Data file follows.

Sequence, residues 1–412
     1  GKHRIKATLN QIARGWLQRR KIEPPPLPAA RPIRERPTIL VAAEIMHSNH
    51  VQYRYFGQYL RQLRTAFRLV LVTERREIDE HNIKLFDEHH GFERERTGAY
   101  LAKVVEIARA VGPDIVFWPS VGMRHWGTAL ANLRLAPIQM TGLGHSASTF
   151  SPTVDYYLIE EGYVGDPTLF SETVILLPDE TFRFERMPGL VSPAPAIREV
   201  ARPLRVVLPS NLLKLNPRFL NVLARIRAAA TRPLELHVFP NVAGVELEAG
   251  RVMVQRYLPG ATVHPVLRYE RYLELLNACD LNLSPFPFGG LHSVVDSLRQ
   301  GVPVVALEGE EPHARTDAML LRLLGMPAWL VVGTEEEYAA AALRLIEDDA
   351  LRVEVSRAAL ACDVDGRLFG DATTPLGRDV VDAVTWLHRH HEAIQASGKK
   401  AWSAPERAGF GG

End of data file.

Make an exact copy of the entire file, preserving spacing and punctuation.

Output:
Sequence, residues 1–412
     1  GKHRIKATLN QIARGWLQRR KIEPPPLPAA RPIRERPTIL VAAEIMHSNH
    51  VQYRYFGQYL RQLRTAFRLV LVTERREIDE HNIKLFDEHH GFERERTGAY
   101  LAKVVEIARA VGPDIVFWPS VGMRHWGTAL ANLRLAPIQM TGLGHSASTF
   151  SPTVDYYLIE EGYVGDPTLF SETVILLPDE TFRFERMPGL VSPAPAIREV
   201  ARPLRVVLPS NLLKLNPRFL NVLARIRAAA TRPLELHVFP NVAGVELEAG
   251  RVMVQRYLPG ATVHPVLRYE RYLELLNACD LNLSPFPFGG LHSVVDSLRQ
   301  GVPVVALEGE EPHARTDAML LRLLGMPAWL VVGTEEEYAA AALRLIEDDA
   351  LRVEVSRAAL ACDVDGRLFG DATTPLGRDV VDAVTWLHRH HEAIQASGKK
   401  AWSAPERAGF GG